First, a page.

smaller silk studio, and often outside on the deck, it is the larger “Painting” studio where I hold the Ecoprint workshops. I can fit up to 6 (my max number of students) comfortably with my spread out techniques and best of all, we are out of any wind….you can imagine the frustration of laying plants onto a silk scarf on a windy day :-).
All my workshops run from 10:00 am to 3:00 pm. There is plenty of time to relax after the bundled silk is in the pots. This is when we all eat our bagged lunches, tour the silk studio, engage with the ponies, chickens and assorted livestock on the mini-farm. On a gorgeous day, we sit under the trees and simply soak in the atmosphere while the silk processes in the steamers.
There is no doubt that the most exciting time is when we open the bundles of silk and see the results!
As you browse, you’ll see the faces say it best! Enjoy the closeups. Visit my workshop page to see what dates are available and contact me with any questions!
It’s always fun to find yourself in an International magazine! And especially so when that magazine is the up and coming “Green” magazine, “No Serial Number” an “an eclectic lifestyle magazine about Eco-conscious and Heritage Craft, Design and Fashion.” The purpose of the publication aligns itself beautifully with my ecoprinted collections and it is a joy to see this publication embrace all that is sustainable, renewable and beautiful!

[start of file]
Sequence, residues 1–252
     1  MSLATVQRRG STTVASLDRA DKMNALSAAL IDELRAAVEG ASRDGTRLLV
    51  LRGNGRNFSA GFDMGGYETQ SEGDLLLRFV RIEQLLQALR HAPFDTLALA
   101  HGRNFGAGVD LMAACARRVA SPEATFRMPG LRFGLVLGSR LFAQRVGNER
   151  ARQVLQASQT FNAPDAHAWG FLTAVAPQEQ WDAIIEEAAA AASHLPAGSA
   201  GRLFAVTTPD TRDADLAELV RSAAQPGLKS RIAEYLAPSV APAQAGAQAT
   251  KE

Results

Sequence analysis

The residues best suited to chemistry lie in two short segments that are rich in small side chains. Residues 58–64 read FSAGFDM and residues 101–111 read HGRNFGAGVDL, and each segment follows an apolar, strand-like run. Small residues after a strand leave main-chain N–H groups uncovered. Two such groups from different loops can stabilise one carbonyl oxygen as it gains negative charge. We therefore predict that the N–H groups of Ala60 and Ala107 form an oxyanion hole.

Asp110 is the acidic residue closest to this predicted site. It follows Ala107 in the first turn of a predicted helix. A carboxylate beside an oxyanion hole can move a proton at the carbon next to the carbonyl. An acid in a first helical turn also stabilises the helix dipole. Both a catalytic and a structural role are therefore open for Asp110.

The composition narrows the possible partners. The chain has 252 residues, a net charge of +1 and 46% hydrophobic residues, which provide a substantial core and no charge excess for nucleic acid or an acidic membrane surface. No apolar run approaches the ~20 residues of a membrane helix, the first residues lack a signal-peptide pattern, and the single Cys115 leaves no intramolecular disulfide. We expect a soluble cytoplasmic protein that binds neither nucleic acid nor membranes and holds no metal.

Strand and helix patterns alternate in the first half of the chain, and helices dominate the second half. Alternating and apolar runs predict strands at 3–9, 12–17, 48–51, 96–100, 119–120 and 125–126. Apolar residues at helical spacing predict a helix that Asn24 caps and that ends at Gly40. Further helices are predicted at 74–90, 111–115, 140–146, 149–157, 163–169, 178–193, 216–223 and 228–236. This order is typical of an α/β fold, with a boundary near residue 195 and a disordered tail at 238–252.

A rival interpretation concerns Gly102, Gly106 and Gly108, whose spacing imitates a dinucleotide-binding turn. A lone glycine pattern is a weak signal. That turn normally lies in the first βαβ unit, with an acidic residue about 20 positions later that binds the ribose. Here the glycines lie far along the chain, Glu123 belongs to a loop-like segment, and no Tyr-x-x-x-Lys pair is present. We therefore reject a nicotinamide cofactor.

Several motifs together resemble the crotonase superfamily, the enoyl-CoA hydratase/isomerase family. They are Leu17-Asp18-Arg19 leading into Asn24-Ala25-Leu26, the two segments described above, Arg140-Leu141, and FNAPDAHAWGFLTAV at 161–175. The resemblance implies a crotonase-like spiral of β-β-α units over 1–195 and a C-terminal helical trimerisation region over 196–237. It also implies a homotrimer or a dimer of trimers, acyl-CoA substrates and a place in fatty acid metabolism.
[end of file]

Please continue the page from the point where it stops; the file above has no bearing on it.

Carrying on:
So what about my article? Well, I had the best time writing it and pulling together my images. 6 whole pages! But for a sneak preview you can see a bit of it here!
Botanical or ecoprinting appeals to the simpler side of people-the surround sound of being in the woods, gathering plant matter and watching it come to as an art form is my passion. But many collectors simply enjoy the finished pieces. Whether for home or office, there is something peaceful and beautiful in knowing the ecoprinted art has given us a lasting piece of Nature’s designs and colors!
It was my pleasure to have “No Serial Number” echo my thoughts and feelings by publishing my work and photos!
Truly-there is nothing like the look and feel of silk! Soft and luxurious or earthy and light, nothing compares to this all natural, sustainable fabric against the skin.
And nothing speaks to the soul as eloquently as wearing Mother Nature’s colors imprinted naturally onto silk fabrics. For me, wearing creations that come from Nature and to experience both the natural colors the leaves give up during my process or the results of natural dye additions is the journey I enjoy most!